Thus, in the tort context, while a manufacturer’s promotion of off-label use can violate the FDCA, “off-label marketing of an approved drug is itself not inherently fraudulent.” In re Actimmune Marketing Litigation, 614 F.Supp.2d 1037, 1051 n.6 (N.D. Cal. 2009), aff’d, ___ Fed. Appx. ___, 2011 WL 6887072 (9th Cir. Dec. 30, 2012) (affirmed “for the reasons set forth in the district court’s orders”). Thus, off label promotion, without more, is not tortious.
[P]romotion of the off-label uses of a FDA-approved drug concerns lawful activity and is not inherently misleading. . . . Promotion of off-label uses is not inherently misleading simply because the use is off-label. . . . [The defendant’s promotion] was directed at physicians who are familiar with the FDA-approval process and able to independently evaluate the validity of their claims. Given the sophistication of the audience to whom the off-label uses were promoted, this Court cannot conclude, at this stage of the proceedings, that [defendant’s] speech was inherently misleading.
United States v. Caronia, 576 F. Supp.2d 385, 397 (E.D.N.Y. 2008). Accord Central Regional Employees Benefit Fund v. Cephalon, 2009 WL 3245485, at *4 (D.N.J. Oct. 7, 2009) (“[m]erely alleging that [defendant] marketed the drugs at issue for off-label purposes does not state a claim for fraud”); In re Schering-Plough Corp. Intron/Temodar Consumer Class Action, 2009 WL 2043604, at *10 (D.N.J. July 10, 2009) (plaintiff’s “theory of injury requires the Court to assume that off-label promotion is, by its very nature, fraudulent conduct. This is not reality”; theory“is plainly an impermissible attempt by Plaintiffs to turn violations of the FDCA for off-label promotion into a private right of action”).
As the principles of Lohr and Buckman make clear, more than off-label promotion is needed to state a claim under state tort law. Both falsity and causation are necessary:
[I]nsofar as Plaintiffs’ claims are based solely on allegations that Defendants promoted [the drug] for off-label purposes, they constitute an impermissible attempt to bring a private suit for violations of the FDCA . . . . The Court grants Plaintiffs leave to amend their complaint to allege . . . that Defendants . . . engag[ed] in deceptive advertising that fraudulently misrepresented the safety of off-label uses of [the drug]. To be clear, the Court emphasizes that Plaintiffs may not rely on allegations that Defendants engaged in off-label promotion of [the drug]; instead, Plaintiffs must point to specific misrepresentations.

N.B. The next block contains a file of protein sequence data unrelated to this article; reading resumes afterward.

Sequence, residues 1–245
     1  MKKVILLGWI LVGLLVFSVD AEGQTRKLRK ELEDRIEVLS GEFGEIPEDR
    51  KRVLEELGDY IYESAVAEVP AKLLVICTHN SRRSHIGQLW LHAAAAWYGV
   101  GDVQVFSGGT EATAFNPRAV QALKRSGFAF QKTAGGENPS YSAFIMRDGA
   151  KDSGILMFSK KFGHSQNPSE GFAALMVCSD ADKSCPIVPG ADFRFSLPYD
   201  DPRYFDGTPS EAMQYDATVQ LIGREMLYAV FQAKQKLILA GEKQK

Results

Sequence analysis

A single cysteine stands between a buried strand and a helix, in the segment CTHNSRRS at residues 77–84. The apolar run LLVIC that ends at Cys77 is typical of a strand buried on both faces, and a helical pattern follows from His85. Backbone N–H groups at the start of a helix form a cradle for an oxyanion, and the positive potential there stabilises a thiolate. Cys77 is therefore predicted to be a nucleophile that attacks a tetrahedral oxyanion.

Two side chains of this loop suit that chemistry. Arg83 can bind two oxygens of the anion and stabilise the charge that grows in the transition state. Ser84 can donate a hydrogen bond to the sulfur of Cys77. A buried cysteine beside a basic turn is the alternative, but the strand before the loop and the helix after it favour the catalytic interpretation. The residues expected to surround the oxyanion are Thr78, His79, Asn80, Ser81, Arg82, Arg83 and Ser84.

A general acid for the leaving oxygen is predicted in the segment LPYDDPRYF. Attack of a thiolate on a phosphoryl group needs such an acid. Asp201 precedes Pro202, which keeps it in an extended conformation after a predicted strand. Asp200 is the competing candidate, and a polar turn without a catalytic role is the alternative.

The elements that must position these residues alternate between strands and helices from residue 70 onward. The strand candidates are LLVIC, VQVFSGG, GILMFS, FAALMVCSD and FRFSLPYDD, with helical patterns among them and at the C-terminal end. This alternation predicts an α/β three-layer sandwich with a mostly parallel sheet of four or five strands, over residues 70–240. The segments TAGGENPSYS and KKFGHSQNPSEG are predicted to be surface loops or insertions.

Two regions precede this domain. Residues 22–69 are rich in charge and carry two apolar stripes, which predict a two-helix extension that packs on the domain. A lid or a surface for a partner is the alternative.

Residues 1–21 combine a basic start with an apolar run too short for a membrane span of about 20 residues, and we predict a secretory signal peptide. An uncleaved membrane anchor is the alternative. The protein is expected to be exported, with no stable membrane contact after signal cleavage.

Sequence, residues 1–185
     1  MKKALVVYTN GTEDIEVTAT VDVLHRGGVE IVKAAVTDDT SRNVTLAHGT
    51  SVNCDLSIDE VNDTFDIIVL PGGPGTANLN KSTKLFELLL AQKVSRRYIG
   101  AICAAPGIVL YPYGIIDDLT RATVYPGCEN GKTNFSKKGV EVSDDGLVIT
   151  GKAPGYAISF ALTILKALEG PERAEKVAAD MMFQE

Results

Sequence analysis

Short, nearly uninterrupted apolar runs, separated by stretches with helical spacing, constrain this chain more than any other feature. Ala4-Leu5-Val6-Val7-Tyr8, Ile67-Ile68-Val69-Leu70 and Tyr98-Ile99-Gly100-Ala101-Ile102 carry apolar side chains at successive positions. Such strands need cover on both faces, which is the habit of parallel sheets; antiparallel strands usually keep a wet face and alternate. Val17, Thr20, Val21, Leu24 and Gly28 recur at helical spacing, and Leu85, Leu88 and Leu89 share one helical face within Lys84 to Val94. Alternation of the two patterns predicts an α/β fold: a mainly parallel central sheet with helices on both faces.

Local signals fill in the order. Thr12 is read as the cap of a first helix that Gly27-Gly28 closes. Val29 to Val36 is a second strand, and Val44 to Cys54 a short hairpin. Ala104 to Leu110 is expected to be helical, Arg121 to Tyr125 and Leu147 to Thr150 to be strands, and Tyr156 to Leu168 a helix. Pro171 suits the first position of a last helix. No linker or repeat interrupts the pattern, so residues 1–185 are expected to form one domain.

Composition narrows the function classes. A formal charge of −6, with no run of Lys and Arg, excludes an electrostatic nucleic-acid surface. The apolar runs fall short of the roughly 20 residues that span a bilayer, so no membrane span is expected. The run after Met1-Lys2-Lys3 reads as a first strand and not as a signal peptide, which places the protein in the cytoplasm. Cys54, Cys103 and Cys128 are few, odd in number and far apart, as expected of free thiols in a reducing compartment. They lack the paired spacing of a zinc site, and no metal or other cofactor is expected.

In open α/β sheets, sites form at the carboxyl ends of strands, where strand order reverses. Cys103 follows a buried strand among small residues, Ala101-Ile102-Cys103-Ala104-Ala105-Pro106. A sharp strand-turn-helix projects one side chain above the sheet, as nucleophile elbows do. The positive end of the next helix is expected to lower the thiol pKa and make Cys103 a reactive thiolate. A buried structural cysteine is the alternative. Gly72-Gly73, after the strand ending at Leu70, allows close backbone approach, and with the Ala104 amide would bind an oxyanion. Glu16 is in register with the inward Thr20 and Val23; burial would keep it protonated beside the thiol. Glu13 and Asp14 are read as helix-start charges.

In re Epogen & Aranesp Off-Label Marketing & Sales Practices Litigation, 590 F.Supp.2d 1282, 1292 (C.D. Cal. 2008), accord In re Epogen & Aranesp Off-Label Marketing & Sales Practices Litigation, 2009 WL 1703285, at *4 (C.D. Cal. June 17, 2009) (dismissing amended complaint for similar reasons)
Which leads us back to Healey. Forgetting about off-label promotion for a moment, it is of course possible for a plaintiff to base a claim upon a manufacturer’s false statements about its product. Off-label use is neither here nor there – a misrepresentation might, or might not, relate to that particular aspect of the product.
But there has to be a false statement of some sort.
And when punitive damages are involved, as in Healey, there has to be scienter, that is the defendant has to know whatever it said was false. “[P]unitive damage laws . . . punish the same type of conduct – conduct that amounts to a deliberate act with knowledge of facts that make harm very likely.” 2012 WL 1185680, at *5.
Healey then examined the regulatory history – §510k clearance, or else the suit would have been preempted under Riegel v. Medtronic, Inc., 552 U.S. 312 (2008) – and concluded, as Lohr makes clear, that the FDA’s refusal to clear pain pumps specifically for “intra-articular” (a fancy word for between the bones of a joint) use, wasn’t any determination that this use was unsafe:
There is nothing . . . to show that the FDA ever concluded that use of the [device] in the intra-articular joint space after orthopedic surgery was not safe and effective. At most, the FDA was simply saying that . . . it would require additional information to determine the safety and effectiveness of the device [and defendant] had not submitted such information. Significantly, the FDA did not require any contraindication labeling to warn surgeons about using the pain pump in the intra-articular space.